Knowing the signs of pension fraud is essential to protect the savings that you have worked hard for.
Here are some signs of pension fraud:

  • Offering access to your pension before the age of 55
  • Contacting you to make a sudden or unexpected decision which leads to feelings of pressure and stress.
  • Communicating via phone calls, text messages, or emails. As of 2019, a cold calling ban was implemented regarding pensions. So, unless you have requested a call, you should not receive any telephone contact in relation to a pension.
  • Requests to send documents via a courier
  • If it sounds too good to be true, then it more than likely is – for example, offering high returns, even though they state the risk involved is low.

What should I do if I’ve been accused of pension fraud?

Pension fraud is a serious crime, and investigations can involve police interviews and specialist teams of forensic accountants.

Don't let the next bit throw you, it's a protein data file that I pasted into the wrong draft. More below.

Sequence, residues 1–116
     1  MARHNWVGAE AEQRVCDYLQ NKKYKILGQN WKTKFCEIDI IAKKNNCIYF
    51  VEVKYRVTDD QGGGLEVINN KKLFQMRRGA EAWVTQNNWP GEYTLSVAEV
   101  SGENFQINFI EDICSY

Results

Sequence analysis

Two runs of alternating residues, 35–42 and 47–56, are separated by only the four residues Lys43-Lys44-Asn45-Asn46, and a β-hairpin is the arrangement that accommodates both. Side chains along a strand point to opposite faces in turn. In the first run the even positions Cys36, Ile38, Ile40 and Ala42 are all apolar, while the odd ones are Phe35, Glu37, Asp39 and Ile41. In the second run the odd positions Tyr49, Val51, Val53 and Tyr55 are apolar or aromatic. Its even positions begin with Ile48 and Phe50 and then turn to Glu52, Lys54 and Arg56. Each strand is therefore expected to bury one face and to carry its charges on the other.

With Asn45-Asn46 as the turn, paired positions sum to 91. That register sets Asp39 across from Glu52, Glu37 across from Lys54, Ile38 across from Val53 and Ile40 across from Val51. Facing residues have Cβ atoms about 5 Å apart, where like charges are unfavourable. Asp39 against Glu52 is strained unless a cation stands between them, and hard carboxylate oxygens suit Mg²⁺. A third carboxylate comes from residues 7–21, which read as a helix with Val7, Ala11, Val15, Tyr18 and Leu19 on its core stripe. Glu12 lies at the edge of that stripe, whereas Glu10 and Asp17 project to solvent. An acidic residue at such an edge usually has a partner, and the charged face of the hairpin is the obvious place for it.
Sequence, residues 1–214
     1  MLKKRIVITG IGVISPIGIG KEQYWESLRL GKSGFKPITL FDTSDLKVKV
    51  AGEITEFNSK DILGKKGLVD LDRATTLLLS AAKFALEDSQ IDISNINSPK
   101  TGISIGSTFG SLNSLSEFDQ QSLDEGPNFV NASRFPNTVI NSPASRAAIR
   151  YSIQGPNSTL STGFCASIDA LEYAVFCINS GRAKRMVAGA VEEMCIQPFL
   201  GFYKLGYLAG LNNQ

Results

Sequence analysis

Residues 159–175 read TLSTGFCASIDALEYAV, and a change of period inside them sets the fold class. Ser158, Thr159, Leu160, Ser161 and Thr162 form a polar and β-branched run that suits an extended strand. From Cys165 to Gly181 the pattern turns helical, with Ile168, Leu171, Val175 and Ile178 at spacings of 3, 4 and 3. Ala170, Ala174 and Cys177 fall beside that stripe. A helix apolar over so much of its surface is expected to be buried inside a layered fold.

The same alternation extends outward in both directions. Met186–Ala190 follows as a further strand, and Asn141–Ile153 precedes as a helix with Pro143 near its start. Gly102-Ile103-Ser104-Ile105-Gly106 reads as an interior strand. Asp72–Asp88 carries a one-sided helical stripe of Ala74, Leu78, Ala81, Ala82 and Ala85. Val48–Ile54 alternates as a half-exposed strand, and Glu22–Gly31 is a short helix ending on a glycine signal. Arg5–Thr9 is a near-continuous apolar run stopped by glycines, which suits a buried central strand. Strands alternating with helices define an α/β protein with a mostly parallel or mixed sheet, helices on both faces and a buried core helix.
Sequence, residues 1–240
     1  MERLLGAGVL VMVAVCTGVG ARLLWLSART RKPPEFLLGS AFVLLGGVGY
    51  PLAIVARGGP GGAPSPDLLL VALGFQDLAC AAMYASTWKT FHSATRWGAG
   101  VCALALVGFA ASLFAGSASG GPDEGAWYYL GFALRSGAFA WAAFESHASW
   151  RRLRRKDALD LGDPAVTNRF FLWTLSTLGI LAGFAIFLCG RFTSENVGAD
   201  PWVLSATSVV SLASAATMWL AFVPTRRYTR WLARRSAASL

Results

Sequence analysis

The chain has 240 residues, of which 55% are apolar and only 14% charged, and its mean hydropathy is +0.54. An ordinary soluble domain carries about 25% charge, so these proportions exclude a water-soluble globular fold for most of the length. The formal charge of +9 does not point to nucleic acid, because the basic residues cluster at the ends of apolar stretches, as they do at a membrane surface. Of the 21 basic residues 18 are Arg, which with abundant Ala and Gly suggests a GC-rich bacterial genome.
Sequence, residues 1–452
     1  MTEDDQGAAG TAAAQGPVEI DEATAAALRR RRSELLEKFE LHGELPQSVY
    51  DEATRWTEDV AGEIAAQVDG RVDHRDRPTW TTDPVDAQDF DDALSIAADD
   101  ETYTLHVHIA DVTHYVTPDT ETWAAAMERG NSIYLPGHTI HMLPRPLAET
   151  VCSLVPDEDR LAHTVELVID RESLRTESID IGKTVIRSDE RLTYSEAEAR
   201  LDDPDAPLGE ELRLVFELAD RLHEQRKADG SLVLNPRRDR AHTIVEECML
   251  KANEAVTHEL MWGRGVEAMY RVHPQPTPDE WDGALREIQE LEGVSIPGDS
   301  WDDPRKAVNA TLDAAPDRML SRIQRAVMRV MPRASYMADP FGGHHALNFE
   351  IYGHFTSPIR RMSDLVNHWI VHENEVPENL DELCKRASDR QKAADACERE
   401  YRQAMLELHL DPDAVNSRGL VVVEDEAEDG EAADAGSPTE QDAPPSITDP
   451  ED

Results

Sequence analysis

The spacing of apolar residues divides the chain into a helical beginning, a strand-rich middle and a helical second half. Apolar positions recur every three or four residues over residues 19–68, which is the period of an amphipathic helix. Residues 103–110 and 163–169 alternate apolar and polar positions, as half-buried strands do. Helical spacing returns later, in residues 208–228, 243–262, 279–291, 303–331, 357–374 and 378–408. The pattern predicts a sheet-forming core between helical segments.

The maximum sentences for pension fraud include unlimited fines and up to ten years in prison.

The criminal defence specialists at DPP Law have extensive experience in cases involving pension fraud.

Our fraud lawyers have a superb track record of successfully defending clients accused of offences of this kind – so, if you are concerned about any potential or current investigations into your activities, do not hesitate to get in touch with us as a matter of urgency.

Once you have instructed our team, we will be able to help you gather evidence to support your case and prove your innocence, build a strong defence should you be taken to court, and accompany you to interviews and hearings to provide you with vital advice and guidance.

These actions and more will ensure the best possible outcome for your case.

Alongside this, our solicitors advise individuals on:

If you are facing allegations of pension fraud, contact DPP Law today. Our Emergency Arrest Line is active 24 hours a day, 7 days a week, 365 days per year.